MANKATO — In late August, on the day at Minnesota State University when students returned to campus, the Campus Kitchen program left campus.
The program is still around, of course, rescuing unserved food from the school’s cafeteria and preparing it for distribution to the needy.
But it’s undergone a significant transformation in the last few months, triggered by the decommissioning of the venerable Gage towers residence halls. The Gage kitchen had been the practical home for the program, the place where student volunteers take rescued food and put it into individual serving containers. (Its offices remain in the Centennial Student Union.)
When Gage was emptied — it is scheduled for demolition sometime next year — it left Denise Billington-Just, the program’s coordinator, with the task of finding a new home.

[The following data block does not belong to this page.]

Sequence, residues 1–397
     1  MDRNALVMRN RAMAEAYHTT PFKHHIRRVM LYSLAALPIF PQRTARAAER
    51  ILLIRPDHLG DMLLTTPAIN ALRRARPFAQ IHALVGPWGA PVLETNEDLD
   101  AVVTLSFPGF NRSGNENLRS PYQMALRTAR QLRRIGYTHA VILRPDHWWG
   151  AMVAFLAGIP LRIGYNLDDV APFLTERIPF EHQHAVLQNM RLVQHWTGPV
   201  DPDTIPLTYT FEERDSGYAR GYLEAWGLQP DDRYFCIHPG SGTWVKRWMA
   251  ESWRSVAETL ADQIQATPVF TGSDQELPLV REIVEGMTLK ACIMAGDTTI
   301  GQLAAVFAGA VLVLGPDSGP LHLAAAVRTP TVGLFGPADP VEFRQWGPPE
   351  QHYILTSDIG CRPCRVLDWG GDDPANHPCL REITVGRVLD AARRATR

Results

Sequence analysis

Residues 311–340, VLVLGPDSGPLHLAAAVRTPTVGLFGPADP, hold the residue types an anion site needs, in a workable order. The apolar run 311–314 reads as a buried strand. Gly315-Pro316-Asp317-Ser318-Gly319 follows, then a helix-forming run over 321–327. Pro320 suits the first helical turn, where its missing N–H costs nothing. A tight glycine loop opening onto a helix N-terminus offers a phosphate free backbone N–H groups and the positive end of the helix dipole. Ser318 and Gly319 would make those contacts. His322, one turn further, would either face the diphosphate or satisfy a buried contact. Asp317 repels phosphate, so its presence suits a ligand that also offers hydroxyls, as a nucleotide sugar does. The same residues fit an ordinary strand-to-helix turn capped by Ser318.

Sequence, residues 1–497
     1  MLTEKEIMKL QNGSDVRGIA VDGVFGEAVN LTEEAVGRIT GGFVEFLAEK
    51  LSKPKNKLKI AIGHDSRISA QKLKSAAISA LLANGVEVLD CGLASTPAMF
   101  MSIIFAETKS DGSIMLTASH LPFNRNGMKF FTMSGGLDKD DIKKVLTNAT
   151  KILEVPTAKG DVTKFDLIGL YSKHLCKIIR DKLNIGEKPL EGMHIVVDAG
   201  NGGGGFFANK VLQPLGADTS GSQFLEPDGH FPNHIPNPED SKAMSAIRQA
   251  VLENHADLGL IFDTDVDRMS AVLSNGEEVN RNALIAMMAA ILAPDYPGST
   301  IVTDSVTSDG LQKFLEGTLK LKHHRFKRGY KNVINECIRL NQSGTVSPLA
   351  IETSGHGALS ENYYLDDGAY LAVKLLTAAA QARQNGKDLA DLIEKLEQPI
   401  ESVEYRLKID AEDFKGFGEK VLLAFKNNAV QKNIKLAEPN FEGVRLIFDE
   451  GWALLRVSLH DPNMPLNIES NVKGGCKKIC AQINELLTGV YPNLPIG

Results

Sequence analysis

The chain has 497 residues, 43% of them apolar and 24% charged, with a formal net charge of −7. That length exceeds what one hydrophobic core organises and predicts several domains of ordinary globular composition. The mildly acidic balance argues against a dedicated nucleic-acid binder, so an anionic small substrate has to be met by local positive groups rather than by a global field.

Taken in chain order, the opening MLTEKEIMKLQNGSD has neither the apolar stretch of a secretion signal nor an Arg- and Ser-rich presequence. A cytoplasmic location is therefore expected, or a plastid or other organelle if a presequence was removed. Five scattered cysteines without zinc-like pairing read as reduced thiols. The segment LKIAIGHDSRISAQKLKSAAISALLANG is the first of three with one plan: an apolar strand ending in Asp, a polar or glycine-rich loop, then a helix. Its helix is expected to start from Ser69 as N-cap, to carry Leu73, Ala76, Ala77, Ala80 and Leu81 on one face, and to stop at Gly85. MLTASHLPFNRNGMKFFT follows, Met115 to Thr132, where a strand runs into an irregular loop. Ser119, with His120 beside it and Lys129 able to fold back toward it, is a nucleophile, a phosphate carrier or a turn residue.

It didn’t take her long.
One of the first places she inquired was Crossroads Lutheran Campus Ministry, a church right across the street from campus. The response was a warm one.
“You come in and you feel like you’re in a building full of life,” Billington-Just said.
She met with Rev. Tammy Dahlvang of Crossroads, who immediately showed interest.
“I thought, ‘What a wonderful way to be involved in the community, and what a great way to use our space,’” Dahlvang said.
The move was made in August. So now, instead of packaging meals at Gage, volunteers package those meals in the Crossroads kitchen.
The move has resulted in a few changes.
Because the space is smaller, they’re only able to package about half as many meals as they did at Gage. They’re doing about 115 meals per week, 35 of which go to the ECHO Food Shelf. At the program’s height, they were doing between 200 and 300. They’re also using fewer volunteers, although they had reduced student volunteer hours before the move.